Hollidaysburg Herald - Reliable News for Hollidaysburg

By Rick Boston
Staff Writer 

Blair County COVID-19 Deaths Reach Triple Digits

Coroner Urges Mask-Wearing Compliance

 
Series: Coronavirus | Story 116

Last updated 12/18/2020 at 3:02pm

Herald file photo

Blair County Coroner Patricia Ross

Blair County Coroner Patricia Ross reported last week that the death toll in Blair County due to COVID-19 reached 149. Ross said of those 149 deaths, 111 were Blair County residents.

Ross said she expects the recent spike in cases to continue and said everyone needs to follow the directives aimed at mitigating the virus's spread.

"We are in the worst of it right now." Ross said. "It is bad practice to not wear a mask and to not do social distancing at this time."

Ross said people need to take the virus seriously and the reality of it should not be debated.

"We have people dying," she said. "This is not something that people can just look at and say, 'whatever.' We have 149 deaths in the county. You can see that."

Ross, who is also a nurse in the emergency department at UPMC Altoona, said the frontline workers are being pushed to their limit. She said in these times, people need to be smart about when to go to the hospital because it could endanger their health further.

Fire, EMS and nurses, everyone is "stressed to the max," she said. "Avoid the emergency department at all costs because it is COVID-positive everywhere."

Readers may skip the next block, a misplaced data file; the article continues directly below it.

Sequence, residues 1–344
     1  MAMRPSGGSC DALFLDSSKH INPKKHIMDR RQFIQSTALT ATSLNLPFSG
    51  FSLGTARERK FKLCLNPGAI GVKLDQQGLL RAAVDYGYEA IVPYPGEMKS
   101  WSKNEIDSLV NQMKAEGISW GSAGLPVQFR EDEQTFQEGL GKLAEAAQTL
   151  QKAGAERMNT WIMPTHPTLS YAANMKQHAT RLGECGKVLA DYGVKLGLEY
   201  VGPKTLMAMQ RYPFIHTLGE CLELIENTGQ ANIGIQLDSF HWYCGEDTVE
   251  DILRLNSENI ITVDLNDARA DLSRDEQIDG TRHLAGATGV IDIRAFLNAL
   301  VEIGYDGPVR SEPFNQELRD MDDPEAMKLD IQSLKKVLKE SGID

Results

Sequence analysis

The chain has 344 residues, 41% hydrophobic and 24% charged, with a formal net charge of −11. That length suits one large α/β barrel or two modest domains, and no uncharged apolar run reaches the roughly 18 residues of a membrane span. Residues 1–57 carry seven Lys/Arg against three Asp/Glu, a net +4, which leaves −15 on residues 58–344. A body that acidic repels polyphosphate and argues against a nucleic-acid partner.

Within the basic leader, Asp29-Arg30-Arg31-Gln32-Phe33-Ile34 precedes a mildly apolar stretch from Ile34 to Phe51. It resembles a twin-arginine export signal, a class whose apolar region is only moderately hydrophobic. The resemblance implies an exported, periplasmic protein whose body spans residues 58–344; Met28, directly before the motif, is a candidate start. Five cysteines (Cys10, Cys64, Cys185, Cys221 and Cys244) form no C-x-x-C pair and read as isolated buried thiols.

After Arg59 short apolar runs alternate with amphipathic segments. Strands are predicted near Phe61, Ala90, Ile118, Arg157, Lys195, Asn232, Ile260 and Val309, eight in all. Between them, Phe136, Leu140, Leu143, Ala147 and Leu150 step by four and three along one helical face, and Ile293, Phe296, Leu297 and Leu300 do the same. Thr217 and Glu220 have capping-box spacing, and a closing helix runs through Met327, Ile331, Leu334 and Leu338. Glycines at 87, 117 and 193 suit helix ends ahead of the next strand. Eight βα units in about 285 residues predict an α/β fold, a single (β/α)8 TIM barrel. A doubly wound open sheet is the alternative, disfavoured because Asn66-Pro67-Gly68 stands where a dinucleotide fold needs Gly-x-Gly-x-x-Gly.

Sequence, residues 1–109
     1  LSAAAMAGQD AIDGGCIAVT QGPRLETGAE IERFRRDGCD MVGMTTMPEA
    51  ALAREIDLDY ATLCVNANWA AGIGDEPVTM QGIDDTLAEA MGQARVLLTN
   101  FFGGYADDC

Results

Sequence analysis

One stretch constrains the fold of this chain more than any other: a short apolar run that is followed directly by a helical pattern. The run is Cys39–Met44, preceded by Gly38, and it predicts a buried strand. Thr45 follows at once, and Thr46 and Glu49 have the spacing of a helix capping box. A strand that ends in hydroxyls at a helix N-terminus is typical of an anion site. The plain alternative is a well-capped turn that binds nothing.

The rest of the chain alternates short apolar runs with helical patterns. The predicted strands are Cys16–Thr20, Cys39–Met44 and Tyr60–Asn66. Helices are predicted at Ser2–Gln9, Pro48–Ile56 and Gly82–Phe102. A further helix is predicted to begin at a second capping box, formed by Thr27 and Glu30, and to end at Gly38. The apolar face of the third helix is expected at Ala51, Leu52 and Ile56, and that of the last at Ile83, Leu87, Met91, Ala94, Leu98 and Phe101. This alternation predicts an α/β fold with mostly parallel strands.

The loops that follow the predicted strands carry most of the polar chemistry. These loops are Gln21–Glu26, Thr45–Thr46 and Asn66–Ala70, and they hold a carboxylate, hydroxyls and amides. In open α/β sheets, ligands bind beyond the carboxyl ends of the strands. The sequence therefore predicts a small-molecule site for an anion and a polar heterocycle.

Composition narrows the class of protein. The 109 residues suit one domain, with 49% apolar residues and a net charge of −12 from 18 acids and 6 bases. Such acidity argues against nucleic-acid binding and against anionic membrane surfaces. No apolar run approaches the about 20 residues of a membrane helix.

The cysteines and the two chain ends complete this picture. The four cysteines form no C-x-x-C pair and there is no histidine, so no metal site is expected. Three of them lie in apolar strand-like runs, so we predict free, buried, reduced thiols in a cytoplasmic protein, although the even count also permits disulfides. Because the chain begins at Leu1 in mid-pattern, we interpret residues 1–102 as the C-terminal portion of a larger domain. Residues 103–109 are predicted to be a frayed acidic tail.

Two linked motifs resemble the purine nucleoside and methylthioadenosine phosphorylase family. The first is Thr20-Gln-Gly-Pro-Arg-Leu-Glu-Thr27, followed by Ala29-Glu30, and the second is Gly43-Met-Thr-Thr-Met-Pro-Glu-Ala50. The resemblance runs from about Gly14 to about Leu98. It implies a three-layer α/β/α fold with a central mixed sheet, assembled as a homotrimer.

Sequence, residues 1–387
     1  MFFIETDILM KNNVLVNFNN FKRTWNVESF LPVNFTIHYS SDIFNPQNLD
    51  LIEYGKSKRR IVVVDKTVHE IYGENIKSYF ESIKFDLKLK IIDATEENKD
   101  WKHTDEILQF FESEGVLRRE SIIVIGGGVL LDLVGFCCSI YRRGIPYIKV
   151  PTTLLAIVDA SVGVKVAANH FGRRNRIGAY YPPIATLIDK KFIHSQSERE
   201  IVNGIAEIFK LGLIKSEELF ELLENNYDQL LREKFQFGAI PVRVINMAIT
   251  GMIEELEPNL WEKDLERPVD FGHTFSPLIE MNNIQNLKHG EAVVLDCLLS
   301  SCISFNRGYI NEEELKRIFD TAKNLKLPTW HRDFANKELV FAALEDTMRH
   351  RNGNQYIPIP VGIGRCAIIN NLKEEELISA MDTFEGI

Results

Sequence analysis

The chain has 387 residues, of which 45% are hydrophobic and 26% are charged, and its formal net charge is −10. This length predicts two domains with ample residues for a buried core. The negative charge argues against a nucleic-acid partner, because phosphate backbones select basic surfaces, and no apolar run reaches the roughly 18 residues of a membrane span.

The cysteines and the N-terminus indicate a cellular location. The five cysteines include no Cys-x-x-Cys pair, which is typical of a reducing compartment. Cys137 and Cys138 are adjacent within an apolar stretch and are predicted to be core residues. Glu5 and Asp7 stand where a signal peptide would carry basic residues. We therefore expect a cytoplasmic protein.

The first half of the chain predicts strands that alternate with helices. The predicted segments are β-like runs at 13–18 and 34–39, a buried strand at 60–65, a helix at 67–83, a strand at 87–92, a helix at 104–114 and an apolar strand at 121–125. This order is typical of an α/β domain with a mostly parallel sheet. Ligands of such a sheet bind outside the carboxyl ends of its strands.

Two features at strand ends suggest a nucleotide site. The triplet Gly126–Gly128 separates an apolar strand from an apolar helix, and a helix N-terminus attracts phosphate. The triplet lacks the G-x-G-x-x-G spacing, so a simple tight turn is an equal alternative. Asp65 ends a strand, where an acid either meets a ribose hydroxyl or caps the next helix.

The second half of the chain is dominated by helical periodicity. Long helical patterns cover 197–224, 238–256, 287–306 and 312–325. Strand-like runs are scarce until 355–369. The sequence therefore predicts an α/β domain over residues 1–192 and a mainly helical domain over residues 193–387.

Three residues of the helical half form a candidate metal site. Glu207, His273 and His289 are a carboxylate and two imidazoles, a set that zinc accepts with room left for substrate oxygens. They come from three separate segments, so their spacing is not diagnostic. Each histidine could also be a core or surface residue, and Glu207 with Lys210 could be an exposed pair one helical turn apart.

Ross said that some nursing homes are adding to the already stressed ERs by sending COVID patients to the hospital, sometimes against a "do not resuscitate" (DNR) order.

"If a patient is a DNR and they get COVID, they should not be getting transferred into the ER." Ross said. "They are just exposing everyone by doing that. I know that nursing homes feel they are not equipped for it, but we can't do anything for them either. The ER is not going to be able to make them any more comfortable than the nursing homes can."

Ross said that from the standpoint of the coroner's office, patients with DNRs who are COVID-positive should stay put in the nursing home, and that sending them to the hospital goes against their wishes.

"Someone who has directed that they do not want resuscitated, does not want measures done above and beyond, should not be taken to the ER." Ross said. "It goes against their wishes to send them to the ER where they are going to draw blood, do tests, maybe intubate when a patient does not want that. These people didn't want that. They wanted to die with dignity and I believe if they get COVID or it's their heart or whatever, they should be able to peacefully die where they are."

Ross said her office is following up on cases where COVID-19 patients with DNRs were sent to the ER against their wishes. She said following a person's DNR directive not only respects the patient but will also relieve some of the pressure on emergency rooms.

"The emergency departments at Altoona, Nason, Tyrone, everywhere is just pushed to the limit around the clock," Ross said. "Intensive care units are stressed. Everyone is at their limits."

 

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